So in the Comforts of Wooing, &c. p. 62: “ Next morning come the fidlers and scrape him a wicked reveillez. The drums rattle, the shaumes tote, the trumpets sound tan ta ra, ra, ra, and the whole street rings with the benedictions and good wishes of fidlers, drummers, pipers, and trumpetters. You may safely say now the wedding's proclaimed.” Mason, in his Travels in England, translated by Ozell, p. 252, speaking of the reveillez on the morning after a wedding, says: “If the drums and fiddles have notice of it, they will be sure to be with them by daybreak, making a horrible racket, till they have got the pence.” Gay, in his Trivia, has censured the use of drums in this concert :
“ Here rows of drummers stand in martial file,
And with their vellum thunder shake the pile,
The proper preludes to a state of peace ?" The custom of creeling, on the second day after marriage, has been already noticed, from Sir John Sinclair's Statistical Account of Scotland. Allan Ramsay, in his Poems, 1721, p. 125, mentions this custom as having been practised the day after the marriage. He adds, “ 'Tis a custom for the friends to endeavour the next day after the wedding to make the newmarried man as drunk as possible.”
“ In North Wales," says Pennant's manuscript, on the
Sunday after marriage, the company who were at it come to church, i. e. the friends and relations of the party make the most splendid appearance, disturb the church, and strive who shall place the bride and groom in the most honourable seat. After service is over, the men, with fiddlers before them, go into all the ale-houses in the town.”
In the Monthly Magazine for 1798, p. 417, we read: “It is customary, in country churches, when a couple has been newly married, for the singers to chaunt, on the following Sunday, a particular psalm, thence called the Wedding Psalm, in which are these words : ‘Oh, well is thee, and happy shalt thou be.'
The Mercheta Vulierum has been discredited by an eminent antiquary. It was said that Eugenius III., King of Scotland, did wickedly ordain that the lord or master should have the first night's lodging with every woman married to his tenant or bondman; which ordinance was afterwards abrogated by King Malcolme III, who ordained that the bridegroom should have the sole use of his own wife, and therefore should pay to the lord a piece of money called Marca. (Hect. Boet. 1. ii. c. 12, Spotsw. Hist. fol. 29.) One cannot help observing, on the above, that they must have been bondmen or in the ancient sense of the word,) villains, indeed, who could have submitted to so singular a species of despotism.'
DUNMOW FLITCH OF BACON.
A Custom formerly prevailed, and has indeed been recently observed, at Dunmow in Essex, of giving a flitch of bacon to any married man or woman who would swear that neither of them, in a year and a day, either sleeping or waking, repented of their marriage. The singular oath administered to them ran thus :
"I found the subsequent clause in a curious MS. in the Cotton Library, Vitell. E. 5. entitled, Excerpta ex quodam antiquo registro prioris de Tynemouthi, remanente apud comitem Northumbriæ de Baroniis et Feodis : Rentale de 'Tynemuth, factum A.1). 1378. “Omnes tenentes de Tynemouth, cum contigerit, solvent Layrewite filiabus vel ancillis suis et etiam Merchet pro filiabus suis maritandis.”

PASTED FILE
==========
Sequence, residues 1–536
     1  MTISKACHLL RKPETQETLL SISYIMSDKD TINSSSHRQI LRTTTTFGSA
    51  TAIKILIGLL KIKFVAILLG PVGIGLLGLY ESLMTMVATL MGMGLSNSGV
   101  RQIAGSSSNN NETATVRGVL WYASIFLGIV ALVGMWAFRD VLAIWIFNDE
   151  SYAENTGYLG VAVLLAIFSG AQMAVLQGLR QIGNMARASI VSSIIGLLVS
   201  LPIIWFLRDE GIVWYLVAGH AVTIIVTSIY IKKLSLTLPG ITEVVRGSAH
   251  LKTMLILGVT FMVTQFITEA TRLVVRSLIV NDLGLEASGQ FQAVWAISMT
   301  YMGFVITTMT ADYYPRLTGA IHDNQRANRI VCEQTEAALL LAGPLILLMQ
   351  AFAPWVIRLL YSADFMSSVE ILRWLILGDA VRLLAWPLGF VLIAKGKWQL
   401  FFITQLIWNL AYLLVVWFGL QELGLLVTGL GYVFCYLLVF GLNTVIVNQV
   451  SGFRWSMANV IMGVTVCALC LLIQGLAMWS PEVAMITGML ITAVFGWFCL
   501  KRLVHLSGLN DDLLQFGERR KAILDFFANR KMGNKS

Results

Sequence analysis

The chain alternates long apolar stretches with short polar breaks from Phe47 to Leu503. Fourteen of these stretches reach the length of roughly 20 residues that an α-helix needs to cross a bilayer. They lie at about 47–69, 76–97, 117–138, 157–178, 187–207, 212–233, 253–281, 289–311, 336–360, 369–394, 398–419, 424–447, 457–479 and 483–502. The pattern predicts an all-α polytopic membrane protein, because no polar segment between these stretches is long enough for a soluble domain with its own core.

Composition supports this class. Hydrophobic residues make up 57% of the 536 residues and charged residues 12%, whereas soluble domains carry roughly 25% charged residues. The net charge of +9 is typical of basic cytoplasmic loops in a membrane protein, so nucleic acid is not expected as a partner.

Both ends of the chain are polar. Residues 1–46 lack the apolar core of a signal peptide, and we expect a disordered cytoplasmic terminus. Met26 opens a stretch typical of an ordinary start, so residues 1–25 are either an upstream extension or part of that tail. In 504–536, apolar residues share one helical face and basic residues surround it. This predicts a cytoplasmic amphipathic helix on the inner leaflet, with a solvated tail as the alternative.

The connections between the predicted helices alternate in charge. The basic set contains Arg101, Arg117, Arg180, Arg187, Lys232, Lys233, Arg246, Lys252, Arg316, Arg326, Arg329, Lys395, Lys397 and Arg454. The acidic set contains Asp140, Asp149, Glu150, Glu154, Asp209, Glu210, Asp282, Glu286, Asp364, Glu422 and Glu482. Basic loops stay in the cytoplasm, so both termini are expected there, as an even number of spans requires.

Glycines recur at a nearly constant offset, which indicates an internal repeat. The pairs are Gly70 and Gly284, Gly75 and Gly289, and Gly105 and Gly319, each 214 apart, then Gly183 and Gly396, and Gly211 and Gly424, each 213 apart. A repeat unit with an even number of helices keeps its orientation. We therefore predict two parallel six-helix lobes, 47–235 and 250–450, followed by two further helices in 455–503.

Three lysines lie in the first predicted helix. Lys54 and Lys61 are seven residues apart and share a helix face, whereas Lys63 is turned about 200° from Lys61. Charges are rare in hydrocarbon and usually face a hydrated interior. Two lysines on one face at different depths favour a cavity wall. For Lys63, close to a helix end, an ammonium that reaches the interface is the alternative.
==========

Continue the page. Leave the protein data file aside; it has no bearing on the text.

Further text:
“ You shall swear, by custom of confession,
If ever you made nuptial transgression,
The parties were to take this oath before the prior and convent and the whole town, humbly kneeling in the churchyard upon two hard pointed stones, which still are shown. They were afterwards taken upon men's shoulders, and carried, first, about the priory churchyard, and after through the town, with all the friars and brethren, and all the townsfolk, young and old, following them with shouts and acclamations, with their bacon before them.
I have a large print, now become exceedingly rare, entitled “An exact perspective view of Dunmow, late the Priory, in the County of Essex, with a representation of the ceremony and procession in that Mannor, on Thursday the 20th of June, 1751, when Thomas Shapeshaft, of the parish of Weathersfield, in the county aforesaid, weaver, and Ann his wife, came to demand and did actually receive a Gammon of Bacon, having first kneeled down upon two bare stones within the church door and taken the oath, &c. N.B. Before the dissolution of
Blount's Jocular Tenures, by Beckwith, 1784, p. 296. A writer in the Gentleman's Magazine for 1751, xxi. 248, attributes the origin of this ceremony to an ancient institution of the Lord Fitzwalter, in the reign of King Henry III., who ordered that “whatever married man did not repent of his marriage, or quarrel with his wife, in a year and a day after it, should go to his priory, and demand the bacon, on his swearing to the truth, kneeling on two stones in the churchyardl.” The form and ceremony of the claim, as made in 1701 by William Parsley, of Much Easton, in the county of Essex, butcher, and Jane his wife, is detailed in the same page.